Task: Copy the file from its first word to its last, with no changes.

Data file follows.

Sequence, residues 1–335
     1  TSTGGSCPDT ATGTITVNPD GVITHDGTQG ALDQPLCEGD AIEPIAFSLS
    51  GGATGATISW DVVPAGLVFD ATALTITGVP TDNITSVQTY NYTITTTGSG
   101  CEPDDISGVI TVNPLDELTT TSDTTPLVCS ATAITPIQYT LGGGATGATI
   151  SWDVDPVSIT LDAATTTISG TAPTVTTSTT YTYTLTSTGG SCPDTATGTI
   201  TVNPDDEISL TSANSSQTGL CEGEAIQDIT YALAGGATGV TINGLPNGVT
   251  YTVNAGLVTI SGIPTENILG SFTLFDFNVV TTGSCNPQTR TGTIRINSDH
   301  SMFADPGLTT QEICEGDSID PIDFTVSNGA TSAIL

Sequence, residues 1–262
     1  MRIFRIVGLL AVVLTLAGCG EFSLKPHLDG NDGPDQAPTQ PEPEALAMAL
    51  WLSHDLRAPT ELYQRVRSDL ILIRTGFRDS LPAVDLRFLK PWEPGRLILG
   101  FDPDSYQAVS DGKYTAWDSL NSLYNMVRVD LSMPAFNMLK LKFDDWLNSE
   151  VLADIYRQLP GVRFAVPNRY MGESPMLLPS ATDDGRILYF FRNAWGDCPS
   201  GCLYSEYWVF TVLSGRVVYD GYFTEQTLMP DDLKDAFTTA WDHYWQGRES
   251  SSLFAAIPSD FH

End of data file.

Sequence, residues 1–335
     1  TSTGGSCPDT ATGTITVNPD GVITHDGTQG ALDQPLCEGD AIEPIAFSLS
    51  GGATGATISW DVVPAGLVFD ATALTITGVP TDNITSVQTY NYTITTTGSG
   101  CEPDDISGVI TVNPLDELTT TSDTTPLVCS ATAITPIQYT LGGGATGATI
   151  SWDVDPVSIT LDAATTTISG TAPTVTTSTT YTYTLTSTGG SCPDTATGTI
   201  TVNPDDEISL TSANSSQTGL CEGEAIQDIT YALAGGATGV TINGLPNGVT
   251  YTVNAGLVTI SGIPTENILG SFTLFDFNVV TTGSCNPQTR TGTIRINSDH
   301  SMFADPGLTT QEICEGDSID PIDFTVSNGA TSAIL

Sequence, residues 1–262
     1  MRIFRIVGLL AVVLTLAGCG EFSLKPHLDG NDGPDQAPTQ PEPEALAMAL
    51  WLSHDLRAPT ELYQRVRSDL ILIRTGFRDS LPAVDLRFLK PWEPGRLILG
   101  FDPDSYQAVS DGKYTAWDSL NSLYNMVRVD LSMPAFNMLK LKFDDWLNSE
   151  VLADIYRQLP GVRFAVPNRY MGESPMLLPS ATDDGRILYF FRNAWGDCPS
   201  GCLYSEYWVF TVLSGRVVYD GYFTEQTLMP DDLKDAFTTA WDHYWQGRES
   251  SSLFAAIPSD FH